Learning Tree Structures

Causal tree structures are easier to understand than general structures since the graph is sparse. Let’s see how to learn a tree structure with py-scm.

Causal model

The true causal model is defined as follows.

  • \(X_1 \sim \mathcal{N}(1, 1)\)

  • \(X_2 \sim \mathcal{N}(2.3, 1)\)

  • \(X_3 \sim \mathcal{N}(1 + 2 X_1 - 4 X_2, 1)\)

  • \(X_4 \sim \mathcal{N}(5 - 8.5 X_3, 2)\)

  • \(X_5 \sim \mathcal{N}(8 + 2.5 X_3, 1)\)

We have already simulated data from this causal model, and so we will load it.

[1]:
import pandas as pd

X = pd.read_csv('./_data/tree.csv')
X.shape
[1]:
(10000, 5)
[2]:
X.head(10)
[2]:
X1 X2 X3 X4 X5
0 1.794997 2.317933 -3.517468 30.910707 0.460451
1 0.998971 2.740944 -9.924201 89.787225 -17.754713
2 2.015391 2.734284 -5.535403 48.127835 -6.642635
3 2.529683 1.569960 -1.218079 13.999461 5.018192
4 0.701551 1.803381 -3.139628 30.856091 0.071788
5 0.137326 4.565585 -17.735502 161.393584 -35.437648
6 0.450718 1.270369 -3.962104 40.005610 -2.699435
7 0.667200 1.326497 -2.935497 25.938894 0.777087
8 2.187346 3.126029 -7.770064 69.013016 -12.026722
9 0.558971 3.744352 -13.587705 120.293070 -27.265520

Tree algorithm

Let’s apply the tree structure learning algorithm to try and recover the causal model.

[3]:
from pyscm.learn import Tree

algorithm = Tree().fit(X)

As you can see below, the true structure is recovered.

[4]:
import networkx as nx
import matplotlib.pyplot as plt

fig, ax = plt.subplots(figsize=(5, 5))

g = algorithm.g
pos = nx.nx_agraph.graphviz_layout(g, prog='dot')
nx.draw(g, pos=pos, with_labels=True, node_color='#e0e0e0')

fig.tight_layout()
_images/learning-tree_7_0.png

The means and covariance matrix are available.

[5]:
algorithm.m
[5]:
X1     0.996357
X2     2.295660
X3    -6.173479
X4    57.460345
X5    -7.442364
dtype: float64
[6]:
algorithm.c
[6]:
X1 X2 X3 X4 X5
X1 1.007207 0.019826 1.937162 -16.488629 4.852801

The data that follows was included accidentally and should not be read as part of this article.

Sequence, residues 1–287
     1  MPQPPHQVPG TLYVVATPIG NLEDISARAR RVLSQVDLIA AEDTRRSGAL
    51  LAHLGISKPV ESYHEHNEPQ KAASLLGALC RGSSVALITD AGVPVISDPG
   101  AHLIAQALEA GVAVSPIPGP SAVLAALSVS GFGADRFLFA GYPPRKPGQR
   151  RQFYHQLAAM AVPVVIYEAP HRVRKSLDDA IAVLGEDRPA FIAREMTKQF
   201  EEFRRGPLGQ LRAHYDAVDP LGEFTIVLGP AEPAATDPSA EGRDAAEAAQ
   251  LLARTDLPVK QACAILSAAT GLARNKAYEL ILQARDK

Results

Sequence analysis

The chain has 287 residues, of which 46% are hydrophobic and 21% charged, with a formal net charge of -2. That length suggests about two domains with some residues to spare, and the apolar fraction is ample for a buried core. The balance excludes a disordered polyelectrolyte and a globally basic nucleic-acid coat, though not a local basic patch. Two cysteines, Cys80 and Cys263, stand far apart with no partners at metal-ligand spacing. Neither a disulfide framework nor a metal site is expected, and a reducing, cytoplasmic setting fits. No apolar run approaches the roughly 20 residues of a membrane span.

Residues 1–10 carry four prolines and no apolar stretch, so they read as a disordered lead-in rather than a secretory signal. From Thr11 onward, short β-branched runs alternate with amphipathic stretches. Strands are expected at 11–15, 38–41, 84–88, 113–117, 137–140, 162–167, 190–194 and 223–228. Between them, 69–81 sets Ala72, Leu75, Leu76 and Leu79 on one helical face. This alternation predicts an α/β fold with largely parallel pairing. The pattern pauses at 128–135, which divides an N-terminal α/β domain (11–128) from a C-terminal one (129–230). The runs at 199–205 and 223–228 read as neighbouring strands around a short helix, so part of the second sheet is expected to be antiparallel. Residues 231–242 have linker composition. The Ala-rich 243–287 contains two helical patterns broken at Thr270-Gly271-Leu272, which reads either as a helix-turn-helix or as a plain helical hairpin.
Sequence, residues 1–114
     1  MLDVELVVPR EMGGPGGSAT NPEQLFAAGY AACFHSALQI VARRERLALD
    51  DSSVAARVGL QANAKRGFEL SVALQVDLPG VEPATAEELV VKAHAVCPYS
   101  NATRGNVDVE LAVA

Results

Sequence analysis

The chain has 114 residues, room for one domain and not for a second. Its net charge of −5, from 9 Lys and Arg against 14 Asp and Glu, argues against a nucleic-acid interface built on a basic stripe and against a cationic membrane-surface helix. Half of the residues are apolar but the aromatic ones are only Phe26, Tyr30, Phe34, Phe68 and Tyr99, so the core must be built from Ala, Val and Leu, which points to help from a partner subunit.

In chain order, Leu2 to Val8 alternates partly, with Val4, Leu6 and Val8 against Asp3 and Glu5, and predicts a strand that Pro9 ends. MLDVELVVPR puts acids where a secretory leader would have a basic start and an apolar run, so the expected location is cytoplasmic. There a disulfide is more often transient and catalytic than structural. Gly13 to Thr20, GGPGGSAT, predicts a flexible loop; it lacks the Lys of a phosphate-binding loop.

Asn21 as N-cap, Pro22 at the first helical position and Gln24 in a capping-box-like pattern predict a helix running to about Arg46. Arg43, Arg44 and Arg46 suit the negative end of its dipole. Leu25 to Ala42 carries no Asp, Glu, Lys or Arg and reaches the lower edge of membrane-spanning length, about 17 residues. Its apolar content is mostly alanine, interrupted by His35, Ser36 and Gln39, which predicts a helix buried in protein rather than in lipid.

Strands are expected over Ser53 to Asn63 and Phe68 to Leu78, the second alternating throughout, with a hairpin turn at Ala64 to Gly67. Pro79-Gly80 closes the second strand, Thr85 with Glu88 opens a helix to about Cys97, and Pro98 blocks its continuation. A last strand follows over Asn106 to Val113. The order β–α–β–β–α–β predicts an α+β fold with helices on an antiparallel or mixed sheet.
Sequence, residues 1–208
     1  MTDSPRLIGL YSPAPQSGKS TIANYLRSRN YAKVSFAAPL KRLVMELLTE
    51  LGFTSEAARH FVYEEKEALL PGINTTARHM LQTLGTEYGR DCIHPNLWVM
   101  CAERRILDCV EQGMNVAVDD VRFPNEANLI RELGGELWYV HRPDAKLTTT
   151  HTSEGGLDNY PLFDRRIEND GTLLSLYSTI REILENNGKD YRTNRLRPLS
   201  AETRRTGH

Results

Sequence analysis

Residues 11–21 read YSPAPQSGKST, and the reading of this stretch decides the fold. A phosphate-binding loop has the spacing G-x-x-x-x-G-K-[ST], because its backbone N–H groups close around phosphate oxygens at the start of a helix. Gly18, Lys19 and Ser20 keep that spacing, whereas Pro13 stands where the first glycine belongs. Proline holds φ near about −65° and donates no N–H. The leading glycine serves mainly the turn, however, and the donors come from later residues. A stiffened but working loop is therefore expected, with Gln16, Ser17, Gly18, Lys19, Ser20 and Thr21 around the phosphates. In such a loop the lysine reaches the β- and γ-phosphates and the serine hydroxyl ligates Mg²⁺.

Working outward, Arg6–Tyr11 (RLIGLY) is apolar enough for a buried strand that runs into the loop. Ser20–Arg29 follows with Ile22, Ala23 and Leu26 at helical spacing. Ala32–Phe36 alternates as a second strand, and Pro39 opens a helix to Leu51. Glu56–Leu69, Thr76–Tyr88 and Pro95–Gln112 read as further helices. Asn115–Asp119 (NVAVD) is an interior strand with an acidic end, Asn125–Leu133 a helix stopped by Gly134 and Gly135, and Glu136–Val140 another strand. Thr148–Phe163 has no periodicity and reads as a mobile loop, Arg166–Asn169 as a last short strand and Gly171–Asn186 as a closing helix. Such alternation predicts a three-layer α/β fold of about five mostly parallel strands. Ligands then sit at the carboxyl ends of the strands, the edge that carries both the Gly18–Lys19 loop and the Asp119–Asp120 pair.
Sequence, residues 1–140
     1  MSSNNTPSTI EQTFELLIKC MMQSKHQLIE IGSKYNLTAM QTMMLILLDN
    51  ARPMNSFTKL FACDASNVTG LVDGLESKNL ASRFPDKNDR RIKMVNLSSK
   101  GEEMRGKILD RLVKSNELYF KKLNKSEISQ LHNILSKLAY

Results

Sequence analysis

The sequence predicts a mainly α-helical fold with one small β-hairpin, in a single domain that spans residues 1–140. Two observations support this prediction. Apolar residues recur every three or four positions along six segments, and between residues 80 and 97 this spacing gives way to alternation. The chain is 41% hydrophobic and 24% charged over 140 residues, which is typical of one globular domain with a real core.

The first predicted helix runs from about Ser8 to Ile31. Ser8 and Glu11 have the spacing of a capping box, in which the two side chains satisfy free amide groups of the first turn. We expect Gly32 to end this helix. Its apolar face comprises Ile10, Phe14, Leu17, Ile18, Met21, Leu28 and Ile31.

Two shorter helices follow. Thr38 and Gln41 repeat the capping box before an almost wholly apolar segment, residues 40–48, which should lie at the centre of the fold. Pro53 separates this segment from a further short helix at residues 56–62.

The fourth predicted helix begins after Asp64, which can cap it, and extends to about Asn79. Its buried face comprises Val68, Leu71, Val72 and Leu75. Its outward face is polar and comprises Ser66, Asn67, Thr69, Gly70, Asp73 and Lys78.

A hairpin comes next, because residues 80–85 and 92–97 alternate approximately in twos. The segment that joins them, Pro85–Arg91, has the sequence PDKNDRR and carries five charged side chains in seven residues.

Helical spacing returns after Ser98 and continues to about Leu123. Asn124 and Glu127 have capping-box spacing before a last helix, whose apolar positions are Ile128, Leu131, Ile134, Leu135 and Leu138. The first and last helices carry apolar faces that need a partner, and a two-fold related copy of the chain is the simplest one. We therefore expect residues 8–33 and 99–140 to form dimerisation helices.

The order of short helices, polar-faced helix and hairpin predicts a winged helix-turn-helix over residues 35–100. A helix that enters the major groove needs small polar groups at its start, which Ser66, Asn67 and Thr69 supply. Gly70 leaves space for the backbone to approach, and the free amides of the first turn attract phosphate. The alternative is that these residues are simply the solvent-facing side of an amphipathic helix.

X2 0.019826 1.009765 -3.996842 33.985064 -9.988840
X3 1.937162 -3.996842 20.855450 -177.370103 52.147059
X4 -16.488629 33.985064 -177.370103 1512.468328 -443.495280
X5 4.852801 -9.988840 52.147059 -443.495280 131.370791

Reasoning model

A py-scm reasoning model may then be created as follows.

[7]:
from pyscm.reasoning import create_reasoning_model

model = create_reasoning_model(algorithm.d, algorithm.p)
model
[7]:
ReasoningModel[H=[X1,X2,X3,X4,X5], M=[0.996,2.296,-6.173,57.460,-7.442], C=[[1.007,0.020,1.937,-16.489,4.853]|[0.020,1.010,-3.997,33.985,-9.989]|[1.937,-3.997,20.855,-177.370,52.147]|[-16.489,33.985,-177.370,1512.468,-443.495]|[4.853,-9.989,52.147,-443.495,131.371]]]

We can then use the associational, interventional and counterfactual inference capabilities of the reasoning model.

Associational query

Here is an associational query without evidence.

[8]:
q = model.pquery()
[9]:
q[0]
[9]:
X1     0.996357
X2     2.295660
X3    -6.173479
X4    57.460345
X5    -7.442364
dtype: float64
[10]:
q[1]
[10]:
X1 X2 X3 X4 X5
X1 1.007207 0.019826 1.937162 -16.488629 4.852801
X2 0.019826 1.009765 -3.996842 33.985064 -9.988840
X3 1.937162 -3.996842 20.855450 -177.370103 52.147059
X4 -16.488629 33.985064 -177.370103 1512.468328 -443.495280
X5 4.852801 -9.988840 52.147059 -443.495280 131.370791

Here’s another associational query with evidence.

[11]:
q = model.pquery({'X1': 5})
[12]:
q[0]
[12]:
X1     5.000000
X2     2.374468
X3     1.526735
X4    -8.081902
X5    11.847503
dtype: float64
[13]:
q[1]
[13]:
X1 X2 X3 X4 X5
X1 1.007207 0.019826 1.937162 -16.488629 4.852801
X2 0.019826 1.009375 -4.034973 34.309628 -10.084363
X3 1.937162 -4.034973 17.129702 -145.657488 42.813657
X4 -16.488629 34.309628 -145.657488 1242.538686 -364.051759
X5 4.852801 -10.084363 42.813657 -364.051759 107.989613

Interventional query

What happens with the distribution when we do an interventional query?

[14]:
q = model.iquery({'X3': 5})
[15]:
q[0]
[15]:
X1     0.996357
X2     2.295660
X3     5.000000
X4    57.460345
X5    -7.442364
dtype: float64
[16]:
q[1]
[16]:
X1 X2 X3 X4 X5
X1 44.441556 0.019826 0.000000 -16.488629 4.852801
X2 0.019826 44.444114 0.000000 33.985064 -9.988840
X3 0.000000 0.000000 64.289800 -177.370103 52.147059
X4 -16.488629 33.985064 -177.370103 1555.902678 -443.495280
X5 4.852801 -9.988840 52.147059 -443.495280 174.805141

Counterfactual query

Lastly, here’s some counterfactual queries.

Given we observed the following,

  • \(X_1=1\),

  • \(X_2=2.3\),

  • \(X_3=-6.1\),

  • \(X_4=58\), and

  • \(X_5=-8\),

what would of happened to \(X_3\) had the following occured?

  • \(X_1=1\)

  • \(X_1=2\)

  • \(X_1=3\)

  • \(X_1=2, X_2=3\)

[19]:
f = {
    'X1': 1,
    'X2': 2.3,
    'X3': -6.1,
    'X4': 58,
    'X5': -8
}

cf = [
    {'X1': 1},
    {'X1': 2},
    {'X1': 3},
    {'X1': 2, 'X2': 3}
]

q = model.cquery('X3', f, cf)
[20]:
q
[20]:
X1 X2 factual counterfactual
0 1 2.3 -6.1 -6.100000
1 2 2.3 -6.1 -4.089855
2 3 2.3 -6.1 -2.079710
3 2 3.0 -6.1 -6.879677